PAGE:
Category: History  Listing Date: 2012-08-26
From Rocks to Riches
From Rocks to Riches
If you were raised on a farm in South Dakota, or if you were a town kid who needed a Saturday job, you probably "picked rock" to get movie money. Never did you take the time to look at the rocks. You'd just throw them into a wagon or a truck, or if they were too large you'd get a tractor and loader.
Geologists, geology students, and rock hounds look at rocks much differently than the average person. For them rocks can reveal history and prehistoric events. Exposed layers, and layers within caves indicated millions of years of activity. The caves of South Dakota contain some of the world's most interesting minerals, crystals, and even gold. Wind Cave, for example, contains an abundant amount of boxwork made of thin blades of calcite that project from cave walls and ceilings, forming a honeycomb pattern and believed to be 300 million years old.
Boxwork is just one of the many rock formations on exhibit at the Museum of Geology at South Dakota School of Mines and Technology. Not only does the museum hold exhibits of rocks and minerals from South Dakota, but from all over the world. You can learn much from the museum displays.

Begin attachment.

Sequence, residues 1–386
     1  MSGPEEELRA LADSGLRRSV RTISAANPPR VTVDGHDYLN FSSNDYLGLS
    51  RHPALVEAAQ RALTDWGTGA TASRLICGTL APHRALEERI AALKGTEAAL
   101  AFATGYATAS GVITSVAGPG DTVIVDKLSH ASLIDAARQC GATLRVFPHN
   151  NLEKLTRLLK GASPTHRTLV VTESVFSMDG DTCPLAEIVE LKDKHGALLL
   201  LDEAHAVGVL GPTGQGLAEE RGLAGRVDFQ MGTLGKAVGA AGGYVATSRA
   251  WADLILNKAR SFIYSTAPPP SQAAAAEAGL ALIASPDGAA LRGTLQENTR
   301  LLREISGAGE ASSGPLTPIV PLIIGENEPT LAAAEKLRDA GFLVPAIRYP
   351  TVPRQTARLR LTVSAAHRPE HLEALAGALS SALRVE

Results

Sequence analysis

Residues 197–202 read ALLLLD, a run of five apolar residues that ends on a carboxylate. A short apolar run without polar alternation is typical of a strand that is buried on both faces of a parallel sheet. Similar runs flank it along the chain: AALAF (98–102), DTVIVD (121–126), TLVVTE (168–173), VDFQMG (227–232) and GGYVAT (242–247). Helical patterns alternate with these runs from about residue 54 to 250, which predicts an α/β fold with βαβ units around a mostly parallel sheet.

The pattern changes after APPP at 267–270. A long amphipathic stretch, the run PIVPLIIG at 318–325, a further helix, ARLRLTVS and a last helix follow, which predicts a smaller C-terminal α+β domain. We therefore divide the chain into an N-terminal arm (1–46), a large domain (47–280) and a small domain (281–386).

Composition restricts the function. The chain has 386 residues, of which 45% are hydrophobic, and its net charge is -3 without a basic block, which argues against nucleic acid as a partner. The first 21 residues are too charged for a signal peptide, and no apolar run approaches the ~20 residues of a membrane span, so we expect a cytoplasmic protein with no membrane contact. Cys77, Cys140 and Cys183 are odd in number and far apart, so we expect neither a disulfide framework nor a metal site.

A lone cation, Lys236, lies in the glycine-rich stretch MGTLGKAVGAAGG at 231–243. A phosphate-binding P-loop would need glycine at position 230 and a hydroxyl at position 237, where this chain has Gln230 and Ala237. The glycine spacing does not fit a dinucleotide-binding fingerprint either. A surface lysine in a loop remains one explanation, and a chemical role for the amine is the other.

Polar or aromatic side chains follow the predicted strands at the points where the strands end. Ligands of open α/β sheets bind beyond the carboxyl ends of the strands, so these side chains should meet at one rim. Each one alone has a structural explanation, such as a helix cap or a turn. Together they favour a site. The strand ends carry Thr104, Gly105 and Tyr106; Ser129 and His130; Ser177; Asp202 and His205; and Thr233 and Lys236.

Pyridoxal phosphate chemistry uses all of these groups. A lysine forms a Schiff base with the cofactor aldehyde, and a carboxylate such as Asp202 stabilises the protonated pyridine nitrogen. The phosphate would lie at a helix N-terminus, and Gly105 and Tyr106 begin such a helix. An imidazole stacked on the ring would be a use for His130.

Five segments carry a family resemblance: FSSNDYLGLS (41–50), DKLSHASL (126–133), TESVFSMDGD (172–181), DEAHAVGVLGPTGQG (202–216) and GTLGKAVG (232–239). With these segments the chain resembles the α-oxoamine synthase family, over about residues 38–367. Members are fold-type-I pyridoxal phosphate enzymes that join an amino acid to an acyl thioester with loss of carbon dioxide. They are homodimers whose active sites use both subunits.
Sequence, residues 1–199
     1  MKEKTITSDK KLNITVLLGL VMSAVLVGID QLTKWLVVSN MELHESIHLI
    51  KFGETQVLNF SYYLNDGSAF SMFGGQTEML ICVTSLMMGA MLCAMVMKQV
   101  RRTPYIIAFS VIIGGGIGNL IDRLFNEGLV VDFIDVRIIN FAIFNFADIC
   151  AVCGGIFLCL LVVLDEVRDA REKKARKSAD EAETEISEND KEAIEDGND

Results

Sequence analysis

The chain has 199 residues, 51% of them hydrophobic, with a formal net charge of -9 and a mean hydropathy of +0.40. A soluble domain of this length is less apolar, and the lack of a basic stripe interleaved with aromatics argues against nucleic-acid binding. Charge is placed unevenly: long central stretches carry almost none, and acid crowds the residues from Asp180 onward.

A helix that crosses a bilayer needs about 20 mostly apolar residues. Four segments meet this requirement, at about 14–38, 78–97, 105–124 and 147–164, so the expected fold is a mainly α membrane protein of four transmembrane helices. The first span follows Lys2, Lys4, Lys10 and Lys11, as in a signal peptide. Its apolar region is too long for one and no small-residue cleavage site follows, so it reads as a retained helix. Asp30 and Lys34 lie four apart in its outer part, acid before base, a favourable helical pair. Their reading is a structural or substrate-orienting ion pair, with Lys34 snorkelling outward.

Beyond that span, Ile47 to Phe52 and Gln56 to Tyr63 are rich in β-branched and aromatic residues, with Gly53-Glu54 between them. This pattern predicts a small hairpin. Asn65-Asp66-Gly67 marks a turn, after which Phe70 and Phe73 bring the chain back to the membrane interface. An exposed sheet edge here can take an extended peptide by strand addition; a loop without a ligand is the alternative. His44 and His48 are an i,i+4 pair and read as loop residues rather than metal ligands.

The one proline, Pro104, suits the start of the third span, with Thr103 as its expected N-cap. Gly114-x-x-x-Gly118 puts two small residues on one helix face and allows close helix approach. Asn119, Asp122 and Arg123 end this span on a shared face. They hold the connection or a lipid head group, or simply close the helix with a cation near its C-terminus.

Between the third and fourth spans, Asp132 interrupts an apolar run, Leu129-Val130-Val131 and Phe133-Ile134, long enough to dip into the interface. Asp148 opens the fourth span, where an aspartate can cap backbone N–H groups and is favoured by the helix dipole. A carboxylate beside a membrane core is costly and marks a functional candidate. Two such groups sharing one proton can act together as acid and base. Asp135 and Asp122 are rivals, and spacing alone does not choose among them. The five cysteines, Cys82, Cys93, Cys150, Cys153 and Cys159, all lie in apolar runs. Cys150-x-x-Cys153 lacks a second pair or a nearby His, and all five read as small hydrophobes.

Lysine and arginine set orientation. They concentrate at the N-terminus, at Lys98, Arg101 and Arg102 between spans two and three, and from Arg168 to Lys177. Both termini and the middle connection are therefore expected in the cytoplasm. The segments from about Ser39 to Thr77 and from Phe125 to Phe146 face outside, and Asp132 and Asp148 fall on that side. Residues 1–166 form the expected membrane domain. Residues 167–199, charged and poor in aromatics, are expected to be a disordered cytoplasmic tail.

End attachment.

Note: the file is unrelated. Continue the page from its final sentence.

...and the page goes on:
The Museum of Geology is much more than rocks and minerals. The South Dakota State Fossil, Triceratops horridus is displayed here. Found in Hell Creek Formation in Harding County, South Dakota, it is believed to be 70 million years old. Styxosaurus, the long-necked plesiosaur is a marine reptile that lived in the great Cretaceous seaway that covered this region before the Black Hills were uplifted. It is not a dinosaur but a marine reptile. Long-necked plesiosaurs have a long history in the Cretaceous of South Dakota.
The discoveries on display in the Museum of Geology at South Dakota School of Mines and Technology, particularly those uncovered within South Dakota, make this museum a special place. If you want to see the Edmontosaurus, a common dinosaur, from the Late Cretaceous of South Dakota, or gold specimens from the Black Hills, then make a rock hard decision to visit the Museum of Geology.